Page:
PHOTOS BY KAREN FLEUR TOFTI-TUFARELLI

LEARNING. (Left) Marti Cates, Special Educator for Step Ahead, said that watching water – how objects splash or

bob – can be both fascinating and calming for children. (Right) The Tuesday program allows children, and parents, to meet each other.

was located behind a pillar, and featured a cushy round caterpillar “den” lined with colorful pillows. Okumu Foto, the mother of two-year-old twins, learned about Play to Learn through an early intervention program. It enables her children “to calm down a little,” she said, and puts them “in a different environment and a different experience,” helping with social skills and oversensitivity issues. Her children, she said, love “playing in the water, and anything to do with ‘Sesame Street’ – or Elmo.” Parent Amanda Lewis, as her two-yearold daughter emerged from the rope tunnel, said that it is challenging for hearingimpaired children to meet other children who sign, and Play to Learn enables her child to meet others who can communicate with her. Cates related an anecdote about how the Story Alive! portion of the Tuesday programs, offered three times per year, helped one child who she said had never, never been able to sit and attend a story (reading) or look at more than one page (of a book) at a time. “After this event – as soon as he got home – he handed the book to his mom and in his limited language said, ‘eat, eat’ and he sat down with his mom...(and) listened to the entire story and pointed to every single picture in the book. He had never done anything like that before. His mom was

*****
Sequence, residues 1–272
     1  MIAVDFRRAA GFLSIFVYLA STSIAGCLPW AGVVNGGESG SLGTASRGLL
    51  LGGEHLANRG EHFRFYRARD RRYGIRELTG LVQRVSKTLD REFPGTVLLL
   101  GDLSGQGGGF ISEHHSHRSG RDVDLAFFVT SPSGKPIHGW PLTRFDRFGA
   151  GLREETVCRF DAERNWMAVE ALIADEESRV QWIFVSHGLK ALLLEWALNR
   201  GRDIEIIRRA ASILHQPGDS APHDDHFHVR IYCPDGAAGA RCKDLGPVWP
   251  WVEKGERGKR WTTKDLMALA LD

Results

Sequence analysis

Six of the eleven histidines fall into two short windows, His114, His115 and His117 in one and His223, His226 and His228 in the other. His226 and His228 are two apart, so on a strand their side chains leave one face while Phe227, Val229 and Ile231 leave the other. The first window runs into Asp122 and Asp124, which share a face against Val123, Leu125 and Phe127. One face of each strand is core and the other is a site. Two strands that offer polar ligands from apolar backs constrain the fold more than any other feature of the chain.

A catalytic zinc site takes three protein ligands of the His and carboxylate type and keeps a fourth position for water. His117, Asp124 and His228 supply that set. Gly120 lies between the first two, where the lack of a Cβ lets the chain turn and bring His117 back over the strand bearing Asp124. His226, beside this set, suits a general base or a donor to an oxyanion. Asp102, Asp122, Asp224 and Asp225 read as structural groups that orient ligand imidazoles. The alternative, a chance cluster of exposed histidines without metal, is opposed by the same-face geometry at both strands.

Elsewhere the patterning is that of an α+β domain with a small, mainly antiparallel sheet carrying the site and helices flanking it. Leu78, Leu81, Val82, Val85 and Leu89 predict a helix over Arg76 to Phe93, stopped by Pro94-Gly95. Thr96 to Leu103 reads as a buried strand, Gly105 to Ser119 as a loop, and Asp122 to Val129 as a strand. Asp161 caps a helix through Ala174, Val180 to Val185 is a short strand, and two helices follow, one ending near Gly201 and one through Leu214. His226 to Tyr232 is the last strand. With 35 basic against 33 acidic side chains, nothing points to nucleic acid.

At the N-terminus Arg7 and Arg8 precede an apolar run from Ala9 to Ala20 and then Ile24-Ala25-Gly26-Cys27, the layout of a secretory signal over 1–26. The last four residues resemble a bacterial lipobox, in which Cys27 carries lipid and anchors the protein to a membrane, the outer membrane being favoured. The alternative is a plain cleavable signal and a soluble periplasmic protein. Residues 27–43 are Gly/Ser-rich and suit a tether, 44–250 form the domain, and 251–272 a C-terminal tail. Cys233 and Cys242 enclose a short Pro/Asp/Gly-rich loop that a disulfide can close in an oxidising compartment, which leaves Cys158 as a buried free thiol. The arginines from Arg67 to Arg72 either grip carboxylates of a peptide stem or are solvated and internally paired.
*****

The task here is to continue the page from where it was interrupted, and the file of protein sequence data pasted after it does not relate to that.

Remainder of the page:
shocked – it was clear that now he understood what the story was about and that this was a story – that’s why we send the books home, so that (children) can repeat over and over again with their parents the experience of the story.” For parents Sherene Sampson, Katherine Oak-Schiller and Roseanne Brauner, the program has enabled them – as well as their children, ages one and a half to four – to meet and coalesce into an informal social group. They met last year when the Play to Learn program was offered at a Salishan location (presently, Play to Learn is offered exclusively at the Museum location). “Were very lucky to have found this program,” Sampson said. “Just getting out and socializing with other moms and having the support of other moms for all of our growing children,” has been an enriching experience, she said, as she watched her daughter play with a maroon-colored butterfly made from a giant coffee filter. “I think all of our kids have benefitted greatly.... Since last year they’ve just bonded – they are in tears if they are apart from each other for more than two days.” Tongue emphasized that though the Museum uses social media, she still finds that “by far our best marketing tool is word of mouth – from a teacher telling a family that they work with, from a parent to another parent” who might ask, “Hey, did you know there’s a Children’s Museum of Tacoma and